Monday, October 23, 2017

A doll’s head overlooks the Crow Agency dump site Friday afternoon, where a trash bin used to stand. Bins are scheduled to return to Wyola, St. Xavier, Fort Smith, Pryor and Crow Agency on Thursday, July 14 following a contract between the Crow Tribe and Republic Services.Trash and graffiti mark the Crow Agency dump site. Despite signs telling community members to transport trash to the Hardin landfill, many have disregarded the notices.

Crow Tribe signs contract with Republic Services for solid waste disposal

Republic hopes we will be able to extend the contract with the tribe into 2017.” – Jennifer Eldridge, Republic Services
Trash bins and carts are scheduled to return to the Crow Reservation on Thursday, July 14 after a two-week hiatus, thanks to a contract agreement between the Crow Tribe and Republic Services. The tribe’s previous contract with Big Horn County expired on July 1, followed by the county removing the bins from its reservation dump sites.
 
Entering the Crow Agency dump site Friday afternoon – closed a week previous – one could already see indications of nearby civilization. Garbage bags were strewn about the empty concrete platform, along with a broken refrigerator, stroller, child’s bicycle, fireworks and a decorative basket. Overlooking the scene of assorted garbage, flies and birds was the head of an doll atop a fencepost with hair reminiscent of an ‘80s metal band.
 
A sign at the back of the site, obscured by graffiti, instructed community members to take all dumping materials to the Hardin landfill. 
 
Once Republic cleans up the area, trash will be collected on Thursdays, the same day as the previous service schedule.
 
The Republic contract was signed Friday morning and ends Dec. 31. 
 
“Republic looks forward to serving the Crow Tribe,” stated Jennifer Eldridge of Republic’s corporate communications. “We are committed to making waste disposal effortless for our customers, and keeping our communities clean and beautiful.
 
“Republic hopes we will be able to extend the contract with the tribe into 2017.
 
Locations designated for dump site containers include Wyola, St. Xavier, Fort Smith, Pryor and Crow Agency. Cart services will also be maintained in Pryor and Crow Agency. The tribe is not associated with other sites that were eliminated in Lodge Grass, North Valley and the Tongue River Marina – those closures remain unchanged.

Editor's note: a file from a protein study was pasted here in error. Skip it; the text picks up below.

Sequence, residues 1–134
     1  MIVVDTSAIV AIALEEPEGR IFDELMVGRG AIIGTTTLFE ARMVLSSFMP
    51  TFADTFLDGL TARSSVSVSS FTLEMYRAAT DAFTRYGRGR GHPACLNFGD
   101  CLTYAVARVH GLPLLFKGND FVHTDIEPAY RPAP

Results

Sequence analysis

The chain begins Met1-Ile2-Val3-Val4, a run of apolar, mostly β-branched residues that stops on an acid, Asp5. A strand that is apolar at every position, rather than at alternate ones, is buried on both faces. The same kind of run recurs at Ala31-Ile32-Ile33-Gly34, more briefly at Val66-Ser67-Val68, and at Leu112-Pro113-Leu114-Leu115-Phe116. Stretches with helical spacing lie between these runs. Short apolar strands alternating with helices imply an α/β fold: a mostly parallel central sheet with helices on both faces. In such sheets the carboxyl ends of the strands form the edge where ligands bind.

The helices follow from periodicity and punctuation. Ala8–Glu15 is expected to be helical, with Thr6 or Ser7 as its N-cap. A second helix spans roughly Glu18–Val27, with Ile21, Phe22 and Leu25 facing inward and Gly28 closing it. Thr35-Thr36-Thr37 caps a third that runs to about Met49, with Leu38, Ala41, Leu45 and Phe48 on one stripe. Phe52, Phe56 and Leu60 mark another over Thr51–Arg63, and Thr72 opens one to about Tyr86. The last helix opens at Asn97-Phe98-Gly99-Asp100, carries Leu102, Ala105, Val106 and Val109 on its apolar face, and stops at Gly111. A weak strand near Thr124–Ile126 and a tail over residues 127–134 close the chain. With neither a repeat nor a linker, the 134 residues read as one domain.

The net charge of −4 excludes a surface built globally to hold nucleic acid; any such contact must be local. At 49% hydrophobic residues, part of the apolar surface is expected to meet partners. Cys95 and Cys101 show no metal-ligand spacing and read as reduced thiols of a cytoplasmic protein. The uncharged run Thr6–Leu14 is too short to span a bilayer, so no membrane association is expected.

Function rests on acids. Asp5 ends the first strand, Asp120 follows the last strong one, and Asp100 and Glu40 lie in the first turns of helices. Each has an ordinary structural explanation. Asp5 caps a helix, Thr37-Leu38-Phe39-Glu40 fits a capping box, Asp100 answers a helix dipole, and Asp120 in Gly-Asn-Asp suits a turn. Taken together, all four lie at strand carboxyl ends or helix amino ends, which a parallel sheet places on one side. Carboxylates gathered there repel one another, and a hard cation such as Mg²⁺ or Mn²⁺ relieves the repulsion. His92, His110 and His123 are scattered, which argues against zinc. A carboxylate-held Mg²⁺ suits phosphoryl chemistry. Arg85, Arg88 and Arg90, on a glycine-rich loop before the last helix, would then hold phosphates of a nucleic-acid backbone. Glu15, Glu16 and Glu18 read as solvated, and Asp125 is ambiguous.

“The Crow Tribe and Republic have been in negotiations for some time now on how to develop a solid waste service that best serves the Crow Reservation,” Crow Chairman Darrin Old Coyote stated in a Friday press release. “The discussions led to the conclusion that a restructuring of the solid waste program on the reservation is needed in order to reduce the cost burden to the tribe and efficiently remove trash from the reservation.”
 
Eldridge stated that only tribal members will be allowed to use the sites, and tribal officials were unavailable for comment as to cost or whether options would be available for non-Indian use. County residents are allowed to use the Hardin landfill for free, though this location is about 80 miles from both Decker and Pryor, 50 miles from Wyola, 40 miles from Fort Smith and 35 miles from Lodge Grass.
 
Over the course of three years, the Crow Tribe had accumulated an $804,860 debt to the county in solid waste fees that has not yet been paid. The Town of Lodge Grass, for its part, hasn’t paid its disposal fee since 1991; the charge for 2015-16 is $42,130. The shutdown comes a full year after the county originally intended to stop services in July 2015.
 
Those who had paid the bill in 2015 included  Fort Smith, Pryor and Crow Agency schools; the Little Bighorn Battlefield; Montana Fish, Wildlife & Parks; the Indian Health Service; and the Town of Wyola. Others who had not paid included the Bureau of Indian Affairs, Lodge Grass and St. Xavier schools, and Little Big Horn College.
 
Old Coyote, at the time, said the tribe was being taxed twice in the solid waste process, once as a member of the county and once as a tribal member.
 
“I don’t know how they came up with the 76 percent that the tribe is to pay,” Old Coyote said shortly before the 2015 shutdown attempt. “I want to revise the contract to make it fairer to us and to the taxpayers.”
 
According to Old Coyote’s press release, a “restructured and improved solid waste program” is expected to start in January.
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